Korean dictator targets uncle in public purge
A North Korean politician who has stood at the side of the country’s tyrants for forty years has been denounced for ‘dreaming different dreams’. What does this reveal about the hermit state?
This weekend, North Korea’s state-controlled television network aired a documentary celebrating the dictator Kim Jong-un and his all-powerful People’s Army. The footage was typical propaganda: Kim watched his immaculately-drilled troops go about their rigid routines, exchanged salutes and consulted confidently with generals. But something was missing – or more precisely, someone.
When the documentary was last aired in October, it showed Kim in the constant company of his uncle Jang Song-thaek. To North Koreans this was a familiar sight. The veteran politician, who has been appearing at the side of dictators since the 1970s, was widely seen as Kim Jong-un’s second in command.
This time, however, Jang had disappeared, edited out of every frame. It was further confirmation of what South Korean spies had already revealed to the world: Kim had purged his own uncle and mentor.
Now the news has been revealed to the North Korean people in theatrical style. At a meeting of the political and military elite, in full view of Kim himself, Jang was dragged from his chair by guards and forcibly removed from the hall.
The list of charges levelled at Jang by state media ranged from gambling, drugs and decadence to building factions and taking control of important industries. But most sinister, and perhaps most revealing, was the accusation that he had dared to ‘dream different dreams’.
Purges like this are a signature feature of one-party states, and North Korea is no exception. But for such high-ranking figures to be eliminated so publicly is rare. Experts are fiercely debating what this means for the country: is it a sign of Kim’s instability or his tightening hold on power?
One conclusion, however, is beyond question: North Korea remains a terrifyingly repressive, secretive state in which any slight deviance from slavish conformity is met with merciless suppression.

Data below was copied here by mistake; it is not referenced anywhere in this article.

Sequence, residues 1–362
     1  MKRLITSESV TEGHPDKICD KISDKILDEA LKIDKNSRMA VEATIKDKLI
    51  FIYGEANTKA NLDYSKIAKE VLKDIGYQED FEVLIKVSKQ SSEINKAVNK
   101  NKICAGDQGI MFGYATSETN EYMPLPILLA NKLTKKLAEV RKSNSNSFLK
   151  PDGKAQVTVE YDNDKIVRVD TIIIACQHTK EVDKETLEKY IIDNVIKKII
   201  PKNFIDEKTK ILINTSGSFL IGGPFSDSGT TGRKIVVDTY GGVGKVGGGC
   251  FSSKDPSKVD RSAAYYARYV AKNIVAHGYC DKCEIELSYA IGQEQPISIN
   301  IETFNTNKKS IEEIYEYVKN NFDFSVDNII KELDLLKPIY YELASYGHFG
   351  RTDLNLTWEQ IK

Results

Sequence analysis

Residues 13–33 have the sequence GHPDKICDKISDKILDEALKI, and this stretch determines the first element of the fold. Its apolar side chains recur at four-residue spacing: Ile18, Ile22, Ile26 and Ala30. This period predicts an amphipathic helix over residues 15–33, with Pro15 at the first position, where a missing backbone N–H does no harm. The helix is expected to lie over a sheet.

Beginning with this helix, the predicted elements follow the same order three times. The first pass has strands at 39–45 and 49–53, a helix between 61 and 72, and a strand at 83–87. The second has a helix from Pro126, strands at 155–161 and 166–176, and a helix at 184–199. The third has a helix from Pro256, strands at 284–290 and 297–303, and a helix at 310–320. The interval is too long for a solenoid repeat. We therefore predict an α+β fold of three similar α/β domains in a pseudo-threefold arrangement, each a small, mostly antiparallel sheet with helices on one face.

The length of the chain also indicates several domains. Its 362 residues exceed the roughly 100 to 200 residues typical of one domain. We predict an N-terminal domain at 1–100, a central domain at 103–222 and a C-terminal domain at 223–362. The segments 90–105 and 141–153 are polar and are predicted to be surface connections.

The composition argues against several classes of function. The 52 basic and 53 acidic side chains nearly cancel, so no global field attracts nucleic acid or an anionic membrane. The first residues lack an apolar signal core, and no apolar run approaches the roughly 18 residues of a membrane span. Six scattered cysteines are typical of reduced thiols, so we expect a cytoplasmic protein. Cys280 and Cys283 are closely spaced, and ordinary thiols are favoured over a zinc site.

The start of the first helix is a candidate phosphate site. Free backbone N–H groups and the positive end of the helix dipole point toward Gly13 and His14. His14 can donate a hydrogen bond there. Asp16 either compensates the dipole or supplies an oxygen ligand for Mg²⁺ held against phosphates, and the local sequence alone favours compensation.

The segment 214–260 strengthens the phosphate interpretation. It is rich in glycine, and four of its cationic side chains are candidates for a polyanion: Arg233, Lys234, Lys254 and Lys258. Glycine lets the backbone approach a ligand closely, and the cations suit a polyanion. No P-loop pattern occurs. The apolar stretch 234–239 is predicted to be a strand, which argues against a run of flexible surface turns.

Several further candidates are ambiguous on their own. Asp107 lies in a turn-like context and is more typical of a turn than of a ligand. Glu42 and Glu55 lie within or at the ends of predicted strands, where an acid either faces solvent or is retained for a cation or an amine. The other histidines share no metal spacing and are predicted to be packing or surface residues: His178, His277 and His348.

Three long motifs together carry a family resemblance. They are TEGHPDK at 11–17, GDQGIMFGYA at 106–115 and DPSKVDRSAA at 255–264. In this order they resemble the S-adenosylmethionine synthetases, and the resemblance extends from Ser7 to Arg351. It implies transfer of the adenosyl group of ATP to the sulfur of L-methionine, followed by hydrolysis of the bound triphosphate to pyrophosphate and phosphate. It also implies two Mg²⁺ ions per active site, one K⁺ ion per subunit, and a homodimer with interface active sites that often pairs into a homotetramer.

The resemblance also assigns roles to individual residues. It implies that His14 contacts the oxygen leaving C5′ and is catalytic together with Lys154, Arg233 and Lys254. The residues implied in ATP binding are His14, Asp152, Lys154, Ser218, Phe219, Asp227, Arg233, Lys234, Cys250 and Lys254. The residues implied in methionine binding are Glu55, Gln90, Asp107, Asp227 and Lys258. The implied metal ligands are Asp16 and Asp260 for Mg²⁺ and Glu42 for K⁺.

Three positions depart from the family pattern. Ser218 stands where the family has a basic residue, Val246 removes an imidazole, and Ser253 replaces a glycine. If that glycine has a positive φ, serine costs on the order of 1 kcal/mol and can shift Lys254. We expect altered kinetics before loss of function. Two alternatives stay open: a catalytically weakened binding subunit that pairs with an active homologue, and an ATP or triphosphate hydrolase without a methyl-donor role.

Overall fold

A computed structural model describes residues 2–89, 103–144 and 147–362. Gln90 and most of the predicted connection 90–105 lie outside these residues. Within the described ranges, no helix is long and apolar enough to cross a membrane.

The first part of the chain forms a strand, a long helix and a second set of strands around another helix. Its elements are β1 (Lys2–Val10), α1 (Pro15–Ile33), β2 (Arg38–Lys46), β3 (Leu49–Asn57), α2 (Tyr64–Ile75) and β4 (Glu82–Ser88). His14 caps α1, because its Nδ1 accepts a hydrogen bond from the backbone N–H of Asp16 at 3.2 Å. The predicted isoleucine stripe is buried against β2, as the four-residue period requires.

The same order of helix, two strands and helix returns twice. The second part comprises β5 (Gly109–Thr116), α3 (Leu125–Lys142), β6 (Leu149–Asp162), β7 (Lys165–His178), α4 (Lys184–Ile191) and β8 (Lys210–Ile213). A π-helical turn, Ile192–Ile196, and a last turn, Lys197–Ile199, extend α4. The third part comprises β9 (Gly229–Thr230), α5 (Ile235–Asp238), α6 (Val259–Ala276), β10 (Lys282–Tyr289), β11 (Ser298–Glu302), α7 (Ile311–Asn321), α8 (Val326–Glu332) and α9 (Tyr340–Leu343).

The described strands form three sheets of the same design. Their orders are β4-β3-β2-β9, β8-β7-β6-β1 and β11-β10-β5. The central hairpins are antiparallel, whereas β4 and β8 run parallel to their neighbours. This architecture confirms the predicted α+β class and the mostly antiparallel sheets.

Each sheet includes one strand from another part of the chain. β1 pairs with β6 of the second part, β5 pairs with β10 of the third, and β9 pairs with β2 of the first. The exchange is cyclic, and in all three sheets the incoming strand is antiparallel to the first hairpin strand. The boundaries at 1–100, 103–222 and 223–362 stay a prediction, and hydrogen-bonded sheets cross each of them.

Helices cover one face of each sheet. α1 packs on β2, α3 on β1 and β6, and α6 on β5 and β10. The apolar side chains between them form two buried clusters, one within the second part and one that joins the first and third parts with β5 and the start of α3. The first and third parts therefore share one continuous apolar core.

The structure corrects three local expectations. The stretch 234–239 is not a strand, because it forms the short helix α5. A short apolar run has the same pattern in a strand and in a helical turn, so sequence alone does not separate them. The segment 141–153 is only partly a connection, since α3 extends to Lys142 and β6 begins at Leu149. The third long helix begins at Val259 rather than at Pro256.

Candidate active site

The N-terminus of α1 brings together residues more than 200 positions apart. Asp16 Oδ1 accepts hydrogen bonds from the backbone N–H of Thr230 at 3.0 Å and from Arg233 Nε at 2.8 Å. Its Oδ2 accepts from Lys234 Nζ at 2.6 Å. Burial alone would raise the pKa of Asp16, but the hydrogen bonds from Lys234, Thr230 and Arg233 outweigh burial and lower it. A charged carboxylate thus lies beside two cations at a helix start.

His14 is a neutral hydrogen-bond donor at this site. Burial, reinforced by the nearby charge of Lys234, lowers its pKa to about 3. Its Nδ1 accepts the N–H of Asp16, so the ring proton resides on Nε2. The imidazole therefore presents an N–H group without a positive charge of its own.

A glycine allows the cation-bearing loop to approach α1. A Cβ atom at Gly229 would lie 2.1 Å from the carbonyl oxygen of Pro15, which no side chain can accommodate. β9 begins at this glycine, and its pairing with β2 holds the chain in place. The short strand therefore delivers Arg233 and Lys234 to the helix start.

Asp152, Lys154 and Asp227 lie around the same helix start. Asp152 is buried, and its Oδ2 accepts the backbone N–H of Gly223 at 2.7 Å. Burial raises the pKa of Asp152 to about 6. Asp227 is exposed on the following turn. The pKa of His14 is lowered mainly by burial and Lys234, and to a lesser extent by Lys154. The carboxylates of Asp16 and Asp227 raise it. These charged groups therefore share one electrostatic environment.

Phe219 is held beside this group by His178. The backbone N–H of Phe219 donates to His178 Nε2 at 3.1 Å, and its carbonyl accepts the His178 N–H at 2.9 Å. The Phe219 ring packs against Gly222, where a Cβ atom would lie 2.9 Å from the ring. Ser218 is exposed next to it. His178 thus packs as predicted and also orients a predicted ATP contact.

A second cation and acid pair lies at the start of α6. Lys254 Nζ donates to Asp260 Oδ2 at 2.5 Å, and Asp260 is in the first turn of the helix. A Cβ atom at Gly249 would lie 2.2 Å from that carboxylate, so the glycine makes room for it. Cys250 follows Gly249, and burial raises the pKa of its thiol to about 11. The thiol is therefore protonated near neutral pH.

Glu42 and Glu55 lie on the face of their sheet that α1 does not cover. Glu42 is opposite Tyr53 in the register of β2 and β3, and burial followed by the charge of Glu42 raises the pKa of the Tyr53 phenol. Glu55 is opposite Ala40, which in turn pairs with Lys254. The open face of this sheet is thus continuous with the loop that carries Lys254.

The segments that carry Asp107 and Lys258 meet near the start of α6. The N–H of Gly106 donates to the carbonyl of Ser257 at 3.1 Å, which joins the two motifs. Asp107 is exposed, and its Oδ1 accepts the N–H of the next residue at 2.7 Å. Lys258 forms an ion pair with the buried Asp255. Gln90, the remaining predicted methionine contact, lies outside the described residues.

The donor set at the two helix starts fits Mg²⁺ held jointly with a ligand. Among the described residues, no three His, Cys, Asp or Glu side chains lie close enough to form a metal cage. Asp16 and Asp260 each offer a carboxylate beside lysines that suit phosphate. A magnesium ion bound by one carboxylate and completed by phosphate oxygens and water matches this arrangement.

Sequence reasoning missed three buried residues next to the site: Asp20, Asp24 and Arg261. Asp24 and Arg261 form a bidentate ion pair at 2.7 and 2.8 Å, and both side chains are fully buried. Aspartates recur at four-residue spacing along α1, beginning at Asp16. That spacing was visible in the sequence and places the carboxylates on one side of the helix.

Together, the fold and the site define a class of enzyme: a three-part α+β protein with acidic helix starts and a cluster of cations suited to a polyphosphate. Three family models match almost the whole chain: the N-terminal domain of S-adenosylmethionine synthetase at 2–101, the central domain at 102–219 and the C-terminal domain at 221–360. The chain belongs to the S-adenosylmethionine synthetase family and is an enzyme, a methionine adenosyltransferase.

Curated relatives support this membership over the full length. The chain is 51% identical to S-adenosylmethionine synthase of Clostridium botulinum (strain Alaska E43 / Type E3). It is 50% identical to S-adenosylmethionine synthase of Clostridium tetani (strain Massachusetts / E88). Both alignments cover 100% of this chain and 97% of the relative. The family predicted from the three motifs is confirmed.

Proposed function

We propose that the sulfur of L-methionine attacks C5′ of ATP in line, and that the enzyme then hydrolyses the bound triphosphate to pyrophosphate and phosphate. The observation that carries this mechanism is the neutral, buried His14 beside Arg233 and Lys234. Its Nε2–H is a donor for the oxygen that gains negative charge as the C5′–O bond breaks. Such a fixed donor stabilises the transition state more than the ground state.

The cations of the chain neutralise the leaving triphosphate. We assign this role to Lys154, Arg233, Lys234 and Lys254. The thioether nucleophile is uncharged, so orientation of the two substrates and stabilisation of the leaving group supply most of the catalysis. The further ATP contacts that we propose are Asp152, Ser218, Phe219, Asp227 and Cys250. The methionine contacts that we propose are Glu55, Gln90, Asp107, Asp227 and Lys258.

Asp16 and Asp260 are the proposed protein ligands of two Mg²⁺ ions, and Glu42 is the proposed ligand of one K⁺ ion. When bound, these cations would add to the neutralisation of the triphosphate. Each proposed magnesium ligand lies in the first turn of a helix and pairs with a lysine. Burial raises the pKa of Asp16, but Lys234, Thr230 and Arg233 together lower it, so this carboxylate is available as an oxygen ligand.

A stable state?
It’s a chilling insight into the workings of an authoritarian police state. But some historians argue that governments like this cannot last: a ruler who tyrannises his people, neglects his economy and distrusts even his closest confidants will never have a firm grip on the reins of power. Nobody can rule by fear alone.
That is the perspective of an intellect made complacent by privilege, respond more pessimistic observers. There is nothing inherently unstable about a totalitarian dictatorship, and no guarantee that it will fall. A people can be ruled by force and fear, and we who live in democracies governed by the rule of law only have fate to thank.
- Can you imagine your own country ever being ruled by a government as repressive as North Korea’s? Why / why not?
- Is it possible for leaders to rule using only fear and physical force?
- As a class, come up with five ways in which your lives would be different if you lived in a totalitarian state like North Korea.
- ‘What methods have dictators used to maintain their hold on power?’ Plan an essay which answers this question by referring to one or more dictatorships you have studied.
Some People Say...
“It is better for a leader to be feared than loved.’Niccolo Machiavelli”
What do you think?
Q & A
- This kind of thing could only happen in North Korea, right?
- Not at all: dramatic depositions like this have been a feature of tyrannical regimes forever. Roman Emperor Nero was said to have killed his own mother; Henry VIII executed everybody from his chancellors to his wives; and Renaissance Italy was infamous for intrigues between noble families which often ended in grisly assassination.
- Why is it so common?
- Every political leader relies on the support of powerful individuals and institutions to maintain their rule. That’s true in democracies as well as dictatorships. But in countries where one person attempts to concentrate power in their own hands, these powerful supporters are also threatening rivals. So these purges are born of insecurity.
- North Korea
- The so-called ‘hermit state’ has been under deeply repressive military rule ever since the Korean War of 1950-53, when Korea was divided into a capitalist south and a communist north. All industries including the media are tightly controlled by the state and dissent is brutally crushed. Most Koreans live in poverty and up to 200,000 languish in terrifying prison camps.
- Kim Jong-un
- The country’s third communist leader, after his father Kim Jong-il and grandfather Kim Il-sung. Kim Jong-un is just 30 years old and has been the country’s Supreme Leader for exactly two years. Like his predecessors, he has developed a powerful cult of personality.
- People’s Army
- North Korea is extremely militaristic, with more soldiers per civilian than any other country in the world. The army is the most important national institution, and the upper ranks of government are dominated by military leaders.
- Purges are mostly associated with 20th century communist regimes like those of Joseph Stalin and Mao Zedong. But in fact dictators have always favoured the tactic of removing powerful allies from government to discourage dissent and strengthen their own power – from Roman emperors to Henry VIII.